You know that feeling, that burning in your throat.
That feel of acid warming the base of your esophagus as if to say HI! HOW ARE YOU! I EXSIST!
You might chalk it up to some spicy food you overindulged in (nachos ARE delicious) or it might just be a pretty normal occurrence for you.
"I AM CURSED," you might think and just reach for some Pepto or Tums or some other type of calming agent. Calm the acid cure the symptom. Rinse repeat.
But did you know that burn is often because of TOO LITTLE stomach acid rather than TOO MUCH?
What? I know.
So here is the deal. Continuing from my post of CHEWING YOUR FOOD. The next step in digestion is the stomach.
The stomach is a powerhouse that crushes food into tiny food bits so that it can go through the rest of the system and be optimally digested and utlized.
It is meant to be highly acidic in there so that it CAN break down your food.
You chew your food, it goes down the esophagus where it encounters the esophageal sphincter which opens up to permit the food inside (I know, I know "sphincter" what a word).
The food is now in the stomach. The stomach goes into action releasing a ton of different gastric juices from tiny gastric glands in the its lining. This breaks down the food even more and turns everything into a paste we call chyme.
When the chyme is acidic enough it triggers the pyloric sphincter to open up and allow the chyme through to the small intestines for further digestion (more on that later).
When you have LOW stomach acid this whole process goes sideways.
The food doesn't get fully digested from the acids so it sits in your stomach. What happens when you leave food in a warm place? Well. Not good things.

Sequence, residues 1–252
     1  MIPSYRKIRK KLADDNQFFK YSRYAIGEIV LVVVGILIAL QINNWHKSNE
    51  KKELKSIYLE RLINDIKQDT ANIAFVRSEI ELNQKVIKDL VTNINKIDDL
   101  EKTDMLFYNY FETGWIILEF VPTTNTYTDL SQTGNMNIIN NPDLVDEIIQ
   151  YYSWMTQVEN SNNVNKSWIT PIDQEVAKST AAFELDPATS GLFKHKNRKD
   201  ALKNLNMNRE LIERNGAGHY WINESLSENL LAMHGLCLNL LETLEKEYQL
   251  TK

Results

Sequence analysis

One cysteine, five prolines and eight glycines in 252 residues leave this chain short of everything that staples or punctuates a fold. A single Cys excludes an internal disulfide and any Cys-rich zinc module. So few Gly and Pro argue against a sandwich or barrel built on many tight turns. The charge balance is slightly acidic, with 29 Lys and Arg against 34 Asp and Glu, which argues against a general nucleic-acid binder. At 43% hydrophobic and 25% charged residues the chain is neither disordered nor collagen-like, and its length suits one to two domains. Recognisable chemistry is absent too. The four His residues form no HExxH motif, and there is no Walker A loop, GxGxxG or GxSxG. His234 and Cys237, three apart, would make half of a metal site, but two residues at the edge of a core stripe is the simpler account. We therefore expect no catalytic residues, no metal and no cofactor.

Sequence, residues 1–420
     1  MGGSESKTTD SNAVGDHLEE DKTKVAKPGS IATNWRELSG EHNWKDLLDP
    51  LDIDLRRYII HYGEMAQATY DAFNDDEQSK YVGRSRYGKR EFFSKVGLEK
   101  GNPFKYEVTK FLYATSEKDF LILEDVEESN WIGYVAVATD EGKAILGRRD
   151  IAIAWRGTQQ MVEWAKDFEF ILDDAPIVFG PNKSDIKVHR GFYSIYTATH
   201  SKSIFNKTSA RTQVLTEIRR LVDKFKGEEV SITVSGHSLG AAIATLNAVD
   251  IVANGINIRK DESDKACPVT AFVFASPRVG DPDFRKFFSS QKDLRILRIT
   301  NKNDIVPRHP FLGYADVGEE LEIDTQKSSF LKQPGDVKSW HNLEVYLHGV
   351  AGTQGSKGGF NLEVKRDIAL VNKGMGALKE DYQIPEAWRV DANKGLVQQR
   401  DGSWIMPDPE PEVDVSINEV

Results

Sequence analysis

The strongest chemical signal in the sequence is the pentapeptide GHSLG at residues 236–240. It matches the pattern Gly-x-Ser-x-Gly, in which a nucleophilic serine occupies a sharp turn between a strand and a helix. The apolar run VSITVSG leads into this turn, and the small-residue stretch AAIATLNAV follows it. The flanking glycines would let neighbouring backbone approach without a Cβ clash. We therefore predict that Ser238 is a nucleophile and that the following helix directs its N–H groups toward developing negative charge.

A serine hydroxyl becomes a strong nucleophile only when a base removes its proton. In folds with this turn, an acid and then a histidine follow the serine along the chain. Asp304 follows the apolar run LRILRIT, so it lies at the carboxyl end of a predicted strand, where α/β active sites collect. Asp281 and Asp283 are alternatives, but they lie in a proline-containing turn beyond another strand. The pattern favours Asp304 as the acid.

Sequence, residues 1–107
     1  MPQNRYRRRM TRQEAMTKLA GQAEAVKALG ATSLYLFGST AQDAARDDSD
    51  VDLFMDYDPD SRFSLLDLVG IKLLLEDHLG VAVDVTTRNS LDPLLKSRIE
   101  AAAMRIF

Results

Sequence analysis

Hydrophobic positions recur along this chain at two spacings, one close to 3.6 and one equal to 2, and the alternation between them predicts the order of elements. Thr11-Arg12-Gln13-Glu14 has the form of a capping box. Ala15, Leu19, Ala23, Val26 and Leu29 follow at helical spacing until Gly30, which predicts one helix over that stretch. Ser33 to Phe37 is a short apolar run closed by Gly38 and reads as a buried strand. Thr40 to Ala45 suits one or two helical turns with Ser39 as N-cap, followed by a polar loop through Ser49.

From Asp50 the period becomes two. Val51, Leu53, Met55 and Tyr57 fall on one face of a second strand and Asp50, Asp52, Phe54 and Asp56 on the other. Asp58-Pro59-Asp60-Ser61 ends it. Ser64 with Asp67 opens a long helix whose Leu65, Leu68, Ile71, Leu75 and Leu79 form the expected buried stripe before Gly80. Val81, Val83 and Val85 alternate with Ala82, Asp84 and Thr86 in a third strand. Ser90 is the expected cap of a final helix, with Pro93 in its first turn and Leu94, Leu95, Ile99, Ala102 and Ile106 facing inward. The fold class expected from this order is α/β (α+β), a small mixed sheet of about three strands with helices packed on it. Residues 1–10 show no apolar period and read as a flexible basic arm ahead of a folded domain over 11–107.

Proteins putrefy, fats go rancid, and carbs ferment.
This means that the mixture in your tummy starts to bubble up and though it IS NOT ACIDIC enough to trigger the lower sphincter to open it IS ACIDIC enough to burn your upper sphincter at the end of your esophagus.
Which is what you feel.
And then you take some sort of calming agent that DOES relieve the symptom, but doesn't help food to get to the level of acidity it needs to be to be in able to continue the digestive process.
This is bad news. The food eventually continues through the system, but not fully digested. Having protein putrefy produces acids that actually hurt the mucosal lining of your stomach which allows microorganisms such as h-pylori to exist.
This on a chronic level is terrible for your gut as h-pylori leads to ulcers. No one wants those.
Here is the thing. There are SOME people with legitimately too much stomach acid, but they are the anomaly. Much more common is to have too little.
I know! Crazy! But if you think about it, it really does make sense. You might want to check out this book "Why Stomach Acid is Good for You" if you are interested in learning more.